The COVID-19 global pandemic has altered a lot of things in the lives of many people whether you are paying rent, paying mortgage, selling a house, or buying a new one. Prior decisions have been changed and new lifestyles are being practiced.


While people are in quarantine and social distancing is in place, in-person home viewings are prohibited and offices are closed—which is why people are delaying their plans on buying new homes. They rather stay where they currently are and wait until the health crisis has subsided.


But there are still those who are buying new properties, selling their homes, or signing new rental contracts. Despite the current economic distraught brought about by the coronavirus scare, experts are still looking forward to a thriving real estate market—there will be changes in the buying, the selling, renting and new construction.


These are the changes to happen in 2020 according to experts:


  1. Changes to see in buying


Economists predict that the home buying will remain healthy for the whole year of 2020 based on how strong it started in January, while mortgage interest rates are fairly low—although they also predicted a recession to happen in mid 2021.


Along with the closing of businesses and other establishments, lenders made an effort to somehow offset the effects of the virus scare by lowering the mortgage rates. When Freddie Mac reported on March 4 that the 30-year fixed-rate mortgage interest rate has dropped to a record low of  3.29%, many potential buyers have flocked to apply for mortgage and other homeowners for possible refinance.


However, the low interest rates have been unable to sustain the buying activity in the market and it has dropped dramatically. It could be due to the stay-at-home orders or many job losses and employment issues—or both. According to a survey by the National Association of Realtors, the decrease of the homebuyer interest is due to the virus outbreak.


But the market has grown resilient, and in no way the virus can stop the business. Taking the example from SARS pandemic in 2002, the housing market activity in China was then limited just the same as how it is happening now in the U.S. But in the long run, the housing market in general, won’t be affected significantly.


How much impact the current health crisis will have on the market will depend on how long it gets contained by the government and things go back to their normal state. The longer it drags on, the larger the possibility for a recession due to limited movement resulting to less productivity.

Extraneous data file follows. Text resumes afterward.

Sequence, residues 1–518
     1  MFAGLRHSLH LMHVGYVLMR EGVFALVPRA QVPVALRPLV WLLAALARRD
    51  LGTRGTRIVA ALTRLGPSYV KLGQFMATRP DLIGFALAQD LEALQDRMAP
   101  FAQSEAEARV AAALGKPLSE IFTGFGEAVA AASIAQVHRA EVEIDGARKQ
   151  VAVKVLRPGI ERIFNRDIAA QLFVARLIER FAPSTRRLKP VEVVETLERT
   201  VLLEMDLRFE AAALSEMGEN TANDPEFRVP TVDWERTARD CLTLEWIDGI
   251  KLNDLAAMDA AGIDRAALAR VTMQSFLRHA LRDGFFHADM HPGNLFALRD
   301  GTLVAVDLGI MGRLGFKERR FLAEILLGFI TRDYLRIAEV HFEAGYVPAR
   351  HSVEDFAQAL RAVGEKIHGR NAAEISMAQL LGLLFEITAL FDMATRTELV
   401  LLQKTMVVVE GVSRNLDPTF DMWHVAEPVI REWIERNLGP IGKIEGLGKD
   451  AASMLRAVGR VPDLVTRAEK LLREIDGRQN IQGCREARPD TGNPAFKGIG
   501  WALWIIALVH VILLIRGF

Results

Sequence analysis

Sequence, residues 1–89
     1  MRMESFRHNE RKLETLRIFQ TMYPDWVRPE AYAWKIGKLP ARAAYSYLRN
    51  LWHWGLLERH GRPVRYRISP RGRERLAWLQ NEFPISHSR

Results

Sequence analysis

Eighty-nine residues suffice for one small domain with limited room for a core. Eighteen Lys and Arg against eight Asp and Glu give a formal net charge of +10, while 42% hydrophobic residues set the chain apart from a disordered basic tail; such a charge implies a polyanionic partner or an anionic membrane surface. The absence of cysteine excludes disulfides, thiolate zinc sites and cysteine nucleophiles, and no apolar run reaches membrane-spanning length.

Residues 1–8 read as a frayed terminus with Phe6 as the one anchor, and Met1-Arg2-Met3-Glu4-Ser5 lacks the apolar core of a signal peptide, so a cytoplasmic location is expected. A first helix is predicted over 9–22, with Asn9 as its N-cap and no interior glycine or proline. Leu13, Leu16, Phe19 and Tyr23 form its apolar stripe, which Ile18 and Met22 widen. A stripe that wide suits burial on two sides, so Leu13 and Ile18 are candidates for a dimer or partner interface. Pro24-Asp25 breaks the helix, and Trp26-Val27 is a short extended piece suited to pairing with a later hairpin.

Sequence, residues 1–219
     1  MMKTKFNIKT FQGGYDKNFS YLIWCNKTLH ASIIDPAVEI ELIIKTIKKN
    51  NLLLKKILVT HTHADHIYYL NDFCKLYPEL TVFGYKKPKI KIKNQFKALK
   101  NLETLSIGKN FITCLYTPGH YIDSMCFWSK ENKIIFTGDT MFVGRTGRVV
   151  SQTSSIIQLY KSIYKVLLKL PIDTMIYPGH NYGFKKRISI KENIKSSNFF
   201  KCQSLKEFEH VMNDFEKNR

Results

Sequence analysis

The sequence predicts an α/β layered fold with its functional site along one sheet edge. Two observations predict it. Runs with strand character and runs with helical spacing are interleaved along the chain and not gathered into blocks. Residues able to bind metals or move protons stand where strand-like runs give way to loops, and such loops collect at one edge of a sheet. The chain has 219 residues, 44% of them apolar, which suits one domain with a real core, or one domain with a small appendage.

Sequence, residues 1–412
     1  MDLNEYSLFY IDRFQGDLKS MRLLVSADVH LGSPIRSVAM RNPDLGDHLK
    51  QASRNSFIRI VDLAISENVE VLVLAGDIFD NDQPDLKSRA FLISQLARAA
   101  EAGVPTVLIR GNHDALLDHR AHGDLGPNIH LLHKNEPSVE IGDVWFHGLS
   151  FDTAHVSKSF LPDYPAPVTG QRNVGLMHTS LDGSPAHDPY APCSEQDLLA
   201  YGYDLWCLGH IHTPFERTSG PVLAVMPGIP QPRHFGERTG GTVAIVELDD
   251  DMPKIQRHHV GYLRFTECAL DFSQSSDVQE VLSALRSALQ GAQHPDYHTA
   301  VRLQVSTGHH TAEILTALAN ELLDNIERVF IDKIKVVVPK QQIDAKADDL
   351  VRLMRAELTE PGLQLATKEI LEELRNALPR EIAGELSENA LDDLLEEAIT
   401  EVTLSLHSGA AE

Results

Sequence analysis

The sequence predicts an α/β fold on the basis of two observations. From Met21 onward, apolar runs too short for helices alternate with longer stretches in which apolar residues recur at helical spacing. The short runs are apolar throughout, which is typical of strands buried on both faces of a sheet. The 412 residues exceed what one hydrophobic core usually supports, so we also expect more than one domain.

1. Changes to see in selling


Just as how homebuyer activity has decreased dramatically, sellers have also decided to postpone selling their homes in order to abide by the social distancing order. But, there are those who do not have the luxury of time to wait. So to continue doing business even if the movement is limited, realtors decided to resort to video chat tours, and other virtual technology to keep it going.


In the last week of March, the use of remote virtual home tours have dramatically increased. This means people are still interested in home buying and taking time to look for houses, touring houses virtually, so they could either buy it now or as soon as the quarantine ends.


One of the greatest challenges now is how to keep the houses for sale not stay too long in the market. Real estate listing agents are making sure that the properties are priced appropriately so they have a better chance of getting purchased.


What happens to home sellers, just like the home buyers, still largely depends on the duration of the pandemic. We may be seeing an increase in homes for sale once the pandemic has ended.


  1. Changes to see in renting


Renters are mostly the working class in service industries and hourly jobs. They are one of the most affected by the closing of the businesses, or with the reduced working hours, while others just totally lost their jobs.


Many of the first-time homebuyers are stuck to being renters for now because of what happened. That means the demand will certainly rise as soon as the health crisis ends.


Both the government and the landlords are giving rent relief to their tenants especially those who are either ill or have lost their jobs. The U.S. Department of Housing and Urban Development even prohibits eviction for the meantime.


If unemployment becomes a prolonged issue in the aftermath of the pandemic, landlords can expect the government to impose regulations further to help tenants get back up on their feet.


  1. Changes to see in new construction and development


The policies vary from state to state in terms of construction and it can result in different outcomes of new housing availability immediately after the pandemic ends.


Many states have totally stopped construction, while others consider residential construction essential and so the work still continues. But their workers have been worried because construction tasks require them to work close together.


If stay-at-home order lasts longer, we may be seeing a shortage of labor force as workers may tend to find other jobs elsewhere to keep putting food on their families’ tables.


If you don’t have the luxury of time to wait for your house to be sold or let it sit in the market until the pandemic is over, you have another option. There are real estate investors who are still in business and would love to buy your house. Just make sure to find a reputable “We buy houses Los Angeles” company just like Mrs. Property Solutions. They’ve been in the industry for years and they are taking this opportunity to help out people who needs to sell my house for cash Los Angeles